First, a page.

More Details On Meal Breaks and Rest Periods
Timing of Meal Breaks
- If your employees work over 10 hours a day, they are entitled to a second meal break of at least 30 minutes.
- In some cases, you can agree with your employees to waive this second meal as long as they do not work over 12 hours a day and the first meal break is not being waived.
- Furthermore, you should relieve all your employees of all their duties during their meal breaks. They should not perform any work during this 30 minutes break.
Timing of Rest Break
A Rest break is a different then a meal break. Here are the rules for Rest Periods.
- You must allow your employee at least a 10 minute break for every 4 hours worked.
- If the employee works 31/2 hours or less there is no requirement for a rest break.
Meal Break Violation Penalties
So here we come to the tough part. What penalties can you expect if you are found to be in violation of meal and rest breaks for your employees?
The standard minimum penalty you can expect is a payment to your employee of an additional hour for each day they missed their break.
So for example if you pay your employee $15 dollars an hour and they work 5 days a week and missed their breaks for a year it may look like this.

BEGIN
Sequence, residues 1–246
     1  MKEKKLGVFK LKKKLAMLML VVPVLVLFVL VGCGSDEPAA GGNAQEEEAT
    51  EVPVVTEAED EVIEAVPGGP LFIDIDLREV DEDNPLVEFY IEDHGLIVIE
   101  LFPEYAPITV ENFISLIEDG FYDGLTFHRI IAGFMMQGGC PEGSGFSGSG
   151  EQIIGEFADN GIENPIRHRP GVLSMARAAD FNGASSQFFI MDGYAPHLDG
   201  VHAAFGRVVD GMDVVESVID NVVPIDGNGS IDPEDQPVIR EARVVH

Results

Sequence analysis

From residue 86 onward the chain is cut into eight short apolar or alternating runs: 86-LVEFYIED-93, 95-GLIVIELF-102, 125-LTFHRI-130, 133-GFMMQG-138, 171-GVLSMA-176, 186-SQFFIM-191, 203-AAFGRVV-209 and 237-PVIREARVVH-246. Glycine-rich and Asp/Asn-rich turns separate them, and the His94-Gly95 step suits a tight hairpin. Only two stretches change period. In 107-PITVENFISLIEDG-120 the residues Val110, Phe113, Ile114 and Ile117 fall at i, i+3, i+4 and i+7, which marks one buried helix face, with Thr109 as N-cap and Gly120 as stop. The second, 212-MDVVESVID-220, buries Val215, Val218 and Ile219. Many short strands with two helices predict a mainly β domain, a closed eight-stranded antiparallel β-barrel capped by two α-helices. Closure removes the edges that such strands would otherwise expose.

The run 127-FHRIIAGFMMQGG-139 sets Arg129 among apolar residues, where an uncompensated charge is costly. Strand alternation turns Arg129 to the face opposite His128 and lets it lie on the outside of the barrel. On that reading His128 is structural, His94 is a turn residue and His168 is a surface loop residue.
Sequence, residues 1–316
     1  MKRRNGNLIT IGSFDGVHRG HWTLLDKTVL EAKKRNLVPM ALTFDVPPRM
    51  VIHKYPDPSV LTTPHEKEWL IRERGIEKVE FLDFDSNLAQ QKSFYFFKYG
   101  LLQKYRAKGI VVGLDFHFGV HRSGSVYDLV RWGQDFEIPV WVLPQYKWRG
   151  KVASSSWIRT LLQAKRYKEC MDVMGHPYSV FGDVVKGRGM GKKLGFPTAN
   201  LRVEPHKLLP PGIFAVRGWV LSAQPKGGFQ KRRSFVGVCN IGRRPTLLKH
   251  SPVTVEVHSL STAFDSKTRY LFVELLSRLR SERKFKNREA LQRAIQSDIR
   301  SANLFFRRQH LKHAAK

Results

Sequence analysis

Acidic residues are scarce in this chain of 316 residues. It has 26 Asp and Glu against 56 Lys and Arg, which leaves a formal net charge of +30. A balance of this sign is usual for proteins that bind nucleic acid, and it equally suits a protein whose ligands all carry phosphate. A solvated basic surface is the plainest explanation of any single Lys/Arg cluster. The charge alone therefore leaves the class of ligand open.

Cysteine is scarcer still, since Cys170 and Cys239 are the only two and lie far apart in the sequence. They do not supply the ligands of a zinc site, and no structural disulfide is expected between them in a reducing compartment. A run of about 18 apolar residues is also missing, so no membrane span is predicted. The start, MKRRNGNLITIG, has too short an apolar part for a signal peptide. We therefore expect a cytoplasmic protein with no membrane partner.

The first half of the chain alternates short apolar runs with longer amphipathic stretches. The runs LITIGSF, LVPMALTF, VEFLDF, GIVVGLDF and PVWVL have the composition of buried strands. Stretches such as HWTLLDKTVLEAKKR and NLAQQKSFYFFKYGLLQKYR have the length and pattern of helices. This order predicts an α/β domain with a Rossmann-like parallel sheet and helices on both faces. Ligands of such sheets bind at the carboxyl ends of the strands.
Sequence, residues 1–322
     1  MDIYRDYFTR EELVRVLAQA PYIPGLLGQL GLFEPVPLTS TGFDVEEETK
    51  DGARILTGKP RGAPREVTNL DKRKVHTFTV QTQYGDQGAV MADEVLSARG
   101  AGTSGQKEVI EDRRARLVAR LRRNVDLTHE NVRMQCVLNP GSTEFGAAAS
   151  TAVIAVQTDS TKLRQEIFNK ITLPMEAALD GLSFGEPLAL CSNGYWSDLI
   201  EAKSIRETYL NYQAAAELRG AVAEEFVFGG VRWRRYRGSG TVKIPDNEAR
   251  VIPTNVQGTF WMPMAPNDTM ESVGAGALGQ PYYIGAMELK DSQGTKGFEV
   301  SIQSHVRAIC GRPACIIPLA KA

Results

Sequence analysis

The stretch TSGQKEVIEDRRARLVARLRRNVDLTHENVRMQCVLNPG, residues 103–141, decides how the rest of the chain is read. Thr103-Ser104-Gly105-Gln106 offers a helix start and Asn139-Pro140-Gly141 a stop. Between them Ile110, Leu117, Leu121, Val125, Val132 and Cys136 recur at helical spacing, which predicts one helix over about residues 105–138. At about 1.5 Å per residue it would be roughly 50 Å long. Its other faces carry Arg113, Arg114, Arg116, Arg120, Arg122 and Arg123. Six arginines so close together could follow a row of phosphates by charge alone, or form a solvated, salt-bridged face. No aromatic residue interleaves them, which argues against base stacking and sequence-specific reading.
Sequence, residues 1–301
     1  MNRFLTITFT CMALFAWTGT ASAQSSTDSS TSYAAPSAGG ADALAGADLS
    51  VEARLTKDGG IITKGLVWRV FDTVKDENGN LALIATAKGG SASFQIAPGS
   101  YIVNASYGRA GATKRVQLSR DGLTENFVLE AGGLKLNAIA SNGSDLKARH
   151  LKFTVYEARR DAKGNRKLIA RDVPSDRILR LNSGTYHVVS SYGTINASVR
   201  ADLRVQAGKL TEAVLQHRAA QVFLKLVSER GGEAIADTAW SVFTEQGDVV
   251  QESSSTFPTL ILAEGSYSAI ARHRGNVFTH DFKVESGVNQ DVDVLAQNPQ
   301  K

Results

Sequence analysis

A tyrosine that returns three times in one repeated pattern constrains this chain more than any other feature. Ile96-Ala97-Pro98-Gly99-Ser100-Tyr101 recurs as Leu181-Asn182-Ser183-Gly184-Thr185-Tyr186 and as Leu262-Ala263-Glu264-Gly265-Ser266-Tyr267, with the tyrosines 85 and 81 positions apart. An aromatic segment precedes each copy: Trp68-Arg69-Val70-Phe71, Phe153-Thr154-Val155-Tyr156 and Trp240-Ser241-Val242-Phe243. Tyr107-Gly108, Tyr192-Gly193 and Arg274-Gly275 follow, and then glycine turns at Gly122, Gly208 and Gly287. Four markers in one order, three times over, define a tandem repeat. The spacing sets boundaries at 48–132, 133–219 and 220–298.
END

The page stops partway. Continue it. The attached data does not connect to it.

5 days a week x 4 weeks = 20 days/20 days x 12 months = 240 days/$15hr x 240 = 3600
Note that this is the minimum to expect. You could be hit with a separate penalty for both missed meal breaks and missed meal periods.
There is also the possibility of being charged an interest rate which is typically 10% a year.
You could possibly be charged extra penalties if they prove that you willfully refused to provide meal periods. This is typically 30 days of pay for EACH employee who you have lost the complaint against.
These claims against you can go back 3 years (possibly 4). As you can see there is a huge window of the amount of liability depending on your specific situation. It would be impossible to assess your risk without knowing the exact particulars of your situation so you can use the information here to assess your situation. Of course you can always contact us for a one on one consultation where we can give you accurate information about your specific case.
So there are many laws when it comes to California meal breaks BUT they are not difficult to understand if you read this article carefully.
The most important things that you and your business can do:
Is know the laws and document them.
Make sure your company and all the managers and employees are aware of the policies with professional, labor attorney drafted, Employee Handbooks.
If you find yourself with a meal claim made against you contact an attorney right away! In the long run it will save you money to have professionals handling your case and in some situations they may even be able to get the whole thing dismissed.
If you are knowledgeable of and careful to implement employee meal break policies that are compliant with California law than your business should mostly be protected from this liability.
If you have a complaint regarding employee meal breaks filed against you in California CONTACT our California employer attorneys who specialize in these cases.